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Methane flare

Methane finance and decarbonization breakthrough in first week of COP28 

December 2, 2023 Work Area: Methane

DUBAI – World leaders today announced a new grant funding of over $1 billion aimed at tackling methane emissions from all sectors and a new alliance to accelerate the decarbonization of the oil and gas sector.  

“There has been a fundamental mismatch between the importance of cutting methane emissions, the opportunity it presents to bend the curve on climate, and the funding available to do it – today’s announcements are a step towards remedying that mismatch,” said Jonathan Banks, Global Director, Methane Pollution Prevention at Clean Air Task Force. “Rapidly reducing methane emissions is required to keep global climate goals within reach, and it’s the best way climate funders can maximize the return on their investments in terms of degrees of warming avoided in the next 20 years.” 

At today’s high level methane summit, governments, philanthropies, and the private sector announced over $1 billion in new funding for methane reduction as part of the Methane Finance Sprint.  This is a massive increase in funding that could leverage additional funding for projects to mitigate methane in the waste, oil and gas, coal and agriculture sectors. The funding will be administered by a number of different entities including the World Bank, the Global Methane Hub, and the Inter-American, among others.  

At the same event, the Oil and Gas Decarbonization Charter was announced, a new agreement on methane mitigation and reporting efforts that includes dozens of National Oil Companies and International Oil Companies. 

“The launch of the Oil and Gas Decarbonization Charter marks an important first step toward increasing transparency, accountability, and leadership on climate action from the oil and gas sector — and a welcome sign of ambition on important measures like methane mitigation and carbon capture deployment,” said Lee Beck, Senior Director, Europe and Middle East at Clean Air Task Force. “With oil and gas generating 80% of the world’s final energy, there is an urgent need to mitigate the sector’s greenhouse gas emissions while we transition our broader energy system. It’s encouraging to see so many NOCs in particular, alongside IOCs demonstrating their commitment to that effort.”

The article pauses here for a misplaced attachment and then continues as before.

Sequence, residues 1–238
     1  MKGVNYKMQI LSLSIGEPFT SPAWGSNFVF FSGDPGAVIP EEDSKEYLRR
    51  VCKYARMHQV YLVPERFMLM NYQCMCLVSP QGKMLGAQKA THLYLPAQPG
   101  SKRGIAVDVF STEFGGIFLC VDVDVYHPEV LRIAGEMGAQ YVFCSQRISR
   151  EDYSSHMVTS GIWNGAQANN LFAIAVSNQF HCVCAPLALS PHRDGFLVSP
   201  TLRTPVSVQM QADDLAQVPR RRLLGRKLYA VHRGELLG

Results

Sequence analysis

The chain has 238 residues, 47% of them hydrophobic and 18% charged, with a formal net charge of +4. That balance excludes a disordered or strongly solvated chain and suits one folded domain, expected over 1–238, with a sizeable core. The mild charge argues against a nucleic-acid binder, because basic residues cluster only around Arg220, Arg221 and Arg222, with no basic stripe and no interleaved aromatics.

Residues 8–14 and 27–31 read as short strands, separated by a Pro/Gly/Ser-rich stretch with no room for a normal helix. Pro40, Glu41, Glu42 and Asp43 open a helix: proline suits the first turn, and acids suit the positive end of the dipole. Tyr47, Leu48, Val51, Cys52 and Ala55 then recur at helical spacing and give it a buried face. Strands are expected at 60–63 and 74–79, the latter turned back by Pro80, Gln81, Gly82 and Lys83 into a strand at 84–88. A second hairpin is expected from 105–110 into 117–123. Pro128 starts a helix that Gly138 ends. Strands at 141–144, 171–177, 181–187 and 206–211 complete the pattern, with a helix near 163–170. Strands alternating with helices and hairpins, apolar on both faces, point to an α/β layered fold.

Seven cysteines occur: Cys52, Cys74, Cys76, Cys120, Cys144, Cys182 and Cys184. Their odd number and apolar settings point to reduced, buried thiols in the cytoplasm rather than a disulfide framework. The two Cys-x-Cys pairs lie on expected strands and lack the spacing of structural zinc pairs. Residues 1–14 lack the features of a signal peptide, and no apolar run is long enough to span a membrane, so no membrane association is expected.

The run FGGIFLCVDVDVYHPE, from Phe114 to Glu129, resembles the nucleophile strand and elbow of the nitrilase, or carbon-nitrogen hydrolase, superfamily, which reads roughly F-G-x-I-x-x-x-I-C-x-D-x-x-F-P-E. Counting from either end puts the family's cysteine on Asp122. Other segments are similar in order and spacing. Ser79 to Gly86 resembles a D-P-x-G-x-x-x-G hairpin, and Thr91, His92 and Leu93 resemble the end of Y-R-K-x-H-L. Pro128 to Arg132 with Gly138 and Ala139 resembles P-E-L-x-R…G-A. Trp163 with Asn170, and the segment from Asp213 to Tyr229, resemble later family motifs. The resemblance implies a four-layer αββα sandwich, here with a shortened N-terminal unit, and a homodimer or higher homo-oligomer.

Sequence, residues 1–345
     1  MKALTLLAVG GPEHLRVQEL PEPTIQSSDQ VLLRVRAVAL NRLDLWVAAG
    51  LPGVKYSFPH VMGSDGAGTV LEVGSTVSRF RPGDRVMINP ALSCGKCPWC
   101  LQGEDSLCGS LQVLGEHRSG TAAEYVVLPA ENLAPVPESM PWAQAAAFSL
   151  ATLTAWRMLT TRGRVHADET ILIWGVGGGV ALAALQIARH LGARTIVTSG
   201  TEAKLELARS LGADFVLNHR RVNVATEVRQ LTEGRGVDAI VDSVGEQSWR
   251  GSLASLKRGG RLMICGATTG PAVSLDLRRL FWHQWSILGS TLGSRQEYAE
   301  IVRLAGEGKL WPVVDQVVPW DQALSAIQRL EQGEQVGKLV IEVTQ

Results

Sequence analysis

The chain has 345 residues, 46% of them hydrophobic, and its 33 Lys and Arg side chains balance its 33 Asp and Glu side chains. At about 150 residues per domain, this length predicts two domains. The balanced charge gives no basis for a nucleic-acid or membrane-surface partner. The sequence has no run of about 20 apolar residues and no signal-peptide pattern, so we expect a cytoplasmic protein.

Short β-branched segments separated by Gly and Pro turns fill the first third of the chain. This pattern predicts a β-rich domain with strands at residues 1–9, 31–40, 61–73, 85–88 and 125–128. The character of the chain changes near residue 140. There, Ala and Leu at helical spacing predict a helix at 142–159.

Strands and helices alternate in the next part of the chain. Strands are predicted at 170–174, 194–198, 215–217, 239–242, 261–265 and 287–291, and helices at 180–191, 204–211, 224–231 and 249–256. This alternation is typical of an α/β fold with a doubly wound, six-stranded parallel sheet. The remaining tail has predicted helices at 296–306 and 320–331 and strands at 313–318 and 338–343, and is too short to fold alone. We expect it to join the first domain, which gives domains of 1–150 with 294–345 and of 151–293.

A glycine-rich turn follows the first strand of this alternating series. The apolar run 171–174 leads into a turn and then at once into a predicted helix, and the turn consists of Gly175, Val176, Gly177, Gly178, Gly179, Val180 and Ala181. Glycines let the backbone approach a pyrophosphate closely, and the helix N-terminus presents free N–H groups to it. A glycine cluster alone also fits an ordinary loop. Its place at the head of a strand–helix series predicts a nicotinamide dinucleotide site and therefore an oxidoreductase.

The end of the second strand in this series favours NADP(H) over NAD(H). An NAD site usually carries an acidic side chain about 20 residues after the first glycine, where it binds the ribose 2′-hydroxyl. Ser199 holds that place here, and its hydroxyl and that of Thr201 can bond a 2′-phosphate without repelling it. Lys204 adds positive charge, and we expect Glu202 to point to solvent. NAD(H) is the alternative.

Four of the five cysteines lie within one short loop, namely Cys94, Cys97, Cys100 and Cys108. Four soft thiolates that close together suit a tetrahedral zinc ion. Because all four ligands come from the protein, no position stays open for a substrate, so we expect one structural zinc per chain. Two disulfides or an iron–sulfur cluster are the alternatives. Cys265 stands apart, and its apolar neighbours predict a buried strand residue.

Beck continued: “We encourage future COP presidencies to formalize this arrangement — and hope to see formal agreements with concrete frameworks for accountability and accounting in the future.” 

“COP28 is all about turning ambition into tangible climate action, and tackling methane is the best strategy we have to slow climate change in the next two decades,” continued Banks. “Providing much needed funding is a great step – but we’re also looking for more detailed technical and regulatory commitments, particularly in the oil and gas sector. The UAE has an opportunity to leverage its position within that sector to engage international and national oil and gas companies to take a strong stance on reducing methane emissions, eliminating flaring, and the longer-term transition toward a decarbonized energy system 

Methane is over 80 times more potent than CO2 during the first 20 years in the atmosphere, and methane emissions are rapidly rising. So too, has recognition of the issue. In 2021, the Global Methane Pledge reached 150 country signatories — including nearly 100 countries eligible for overseas development assistance — all committing to reduce collective methane emissions by 30% below 2020 levels by 2030. And earlier this year, countries and philanthropic organizations announced the Methane Finance Sprint, committing to raise at least $200 million in new funds for methane mitigation by COP28 – a target they have far exceeded. 

In a first-of-its-kind report released earlier this year, Clean Air Task Force examined barriers standing in the way of critical funding for global methane mitigation and lays out recommendations for both funders and recipients to establish and execute this important climate funding stream. 

Leading climate scientists and modelers have found that reducing methane pollution is the best way to reduce the amount of global warming the world will experience in the next 20 to 30 years, a critical timeframe for avoiding potentially irreversible climate tipping points. Using currently available technologies, methane emissions can be cut by at least 45% by 2030, enough to avoid 0.3 °C of warming by the 2040s. However, without adequate funding, particularly for mitigation in developing nations, deployment of these solutions will fall short. 

Press Contacts

Troy Shaheen, Communications Director, [email protected], +1 845-750-1189 

Rowan Emslie, Communications Director, Europe, [email protected],  +32 476 97 36 42 

About Clean Air Task Force 

Clean Air Task Force (CATF) is a global nonprofit organization working to safeguard against the worst impacts of climate change by catalyzing the rapid development and deployment of low-carbon energy and other climate-protecting technologies. With 25 years of internationally recognized expertise on climate policy and a fierce commitment to exploring all potential solutions, CATF is a pragmatic, non-ideological advocacy group with the bold ideas needed to address climate change. CATF has offices in Boston, Washington D.C., and Brussels, with staff working virtually around the world.   

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